Box Office: The Coens Show Definite Grit

The Reject ReportNo, this ain’t no coon hunt, but the Coens fought tooth and nail. Here in its third weekend of release, True Grit has taken the top spot from Little Fockers, and the Western has effortlessly become the Coen Brothers’ most successful film of all time.

It’s also on track to becoming the highest domestic grossing Western of all time only behind Wild Wild West ($113.8 million if you even count that in the Western ranks) and Dances With Wolves ($184.2 million). It will likely surpass both of those films in the coming weeks particularly once the Academy Awards nominates are announced on January 25th. True Grit is sure to be among the Best Picture contenders all of which will be getting box office boosts after the announcement.

Also among those films will be Black Swan and The Fighter, which continue to make nice bank in domestic sales. The former of those had the smallest drop this weekend at a very impressive 6%. It seems mainstream audiences are intrigued by it even if many of them find themselves walking into something they don’t quite expect.

Nicolas Cage and witches weren’t on the menu for many mainstream audiences, as Season of the Witch was just barely able to exorcise itself into double digits. The release delay and what seems to be a dump here in January from Relativity didn’t help the film. It’s current ranking of 4% over at Rotten Tomatoes probably didn’t do much in the film’s favor, either, and that’s up from the 1% medal it had pinned to its chest for much of the weekend. But, as noted in last week’s Reject Report, Cage is a hard-working actor who doesn’t allow box office bombs to hinder his career. By the time Drive Angry 3D and Ghost Rider: Spirit of Vengeance come our way, Season of the Witch and its lack of financial accomplishment will be exactly where many critics hope it will be. In the land of absolute obscurity.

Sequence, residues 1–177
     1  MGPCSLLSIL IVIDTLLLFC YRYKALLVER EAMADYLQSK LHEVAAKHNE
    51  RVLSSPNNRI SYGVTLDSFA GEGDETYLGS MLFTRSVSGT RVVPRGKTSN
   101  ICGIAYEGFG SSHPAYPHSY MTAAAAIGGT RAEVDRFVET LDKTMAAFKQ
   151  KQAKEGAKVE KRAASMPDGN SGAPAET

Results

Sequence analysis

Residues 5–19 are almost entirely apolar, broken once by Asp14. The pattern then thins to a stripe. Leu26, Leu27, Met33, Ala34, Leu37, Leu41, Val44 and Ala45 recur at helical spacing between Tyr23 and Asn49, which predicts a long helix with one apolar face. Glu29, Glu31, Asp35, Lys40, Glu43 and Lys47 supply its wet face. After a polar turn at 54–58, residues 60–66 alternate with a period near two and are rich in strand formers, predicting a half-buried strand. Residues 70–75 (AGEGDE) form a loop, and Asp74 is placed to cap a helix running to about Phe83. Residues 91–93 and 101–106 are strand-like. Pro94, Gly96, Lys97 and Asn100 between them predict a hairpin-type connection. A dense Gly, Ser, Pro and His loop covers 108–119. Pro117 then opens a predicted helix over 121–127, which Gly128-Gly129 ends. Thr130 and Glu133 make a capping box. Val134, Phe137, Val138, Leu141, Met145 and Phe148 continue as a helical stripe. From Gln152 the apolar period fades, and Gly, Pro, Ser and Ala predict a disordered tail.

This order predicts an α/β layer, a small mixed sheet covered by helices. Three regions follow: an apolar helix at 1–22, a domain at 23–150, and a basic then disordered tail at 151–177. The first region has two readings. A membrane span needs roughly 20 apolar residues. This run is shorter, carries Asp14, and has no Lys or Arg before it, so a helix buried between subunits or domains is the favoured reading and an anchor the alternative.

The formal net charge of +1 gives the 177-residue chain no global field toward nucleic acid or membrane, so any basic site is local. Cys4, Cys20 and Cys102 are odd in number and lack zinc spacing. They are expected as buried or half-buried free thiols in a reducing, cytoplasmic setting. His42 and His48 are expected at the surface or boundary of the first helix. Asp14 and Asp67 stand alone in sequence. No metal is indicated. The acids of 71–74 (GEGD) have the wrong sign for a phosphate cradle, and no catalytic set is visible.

Though its numbers might appear to be less than strong, Country Strong had an adequate turn-out on only 1424 screens. It was able to pull in $5126 per screen, not a bad haul in comparison with the rest of the weekend. Just don’t expect Country Strong 2: What’s In the Box to get the green light any time soon.

Here’s how the weekend broke down:

  1. True Grit – $15m (-38.6%) $110.4m total
  2. Little Fockers – $13.7m (-46.5%) $123.9m total
  3. Season of the Witch – $10.7m NEW
  4. Tron Legacy – $9.8m (-47.7%) $147.9m total
  5. Black Swan – $8.3m (-6%) $61.4m total
  6. Country Strong – $7.3m EXPANDED $7.4m total
  7. The Fighter – $7m (-30%) $57.8m total
  8. The King’s Speech – $6.8m (-12.4%) $33.2m total
  9. Yogi Bear – $6.8m (-12.4%) $33.2m total
  10. Tangled – $5.2m (-47%) $175.8m total

That’s a total take of $90.6 million for the top 10 films. This number is slightly down from the typical first weekend in January. That is, any first weekend in January when James Cameron doesn’t have a film in release. It’s not uncommon for the #1 film of any first weekend in January to be something in its second or third weekend of release. In fact, the last film to open at this time of year and take the top seat was in 2006 when Hostel was able to generate $19.5 million in domestic sales.

Next weekend is certain to be up with two big films in release, one of them something of a tent pole. The Dilemma, the latest comedy from Ron “I Got No Style” Howard, is not that film, but The Green Hornet is. Opening on more than 3500 screens, it is sure to take the #1 spot with a fury, but it remains to be seen how much the 3-D aspect of the film will aid in that.

We’ll be back on Thursday night to see how the weekend is shaping up.

Jeremy's been writing about movies for a good, 15 years, starting with the film review column of his high school newspaper. He stands proud as the first person in his high school to have seen (and recommend) Pulp Fiction. Jeremy went on to get a B.A. in Cinema and Photography with a minor in journalism. His experience and knowledge of film is aided by the list of 6600 films he has seen in his life (so far). Jeremy's belief is that there are no bad films, just unrealized possibilities. Except Batman and Robin. That shit was awful.

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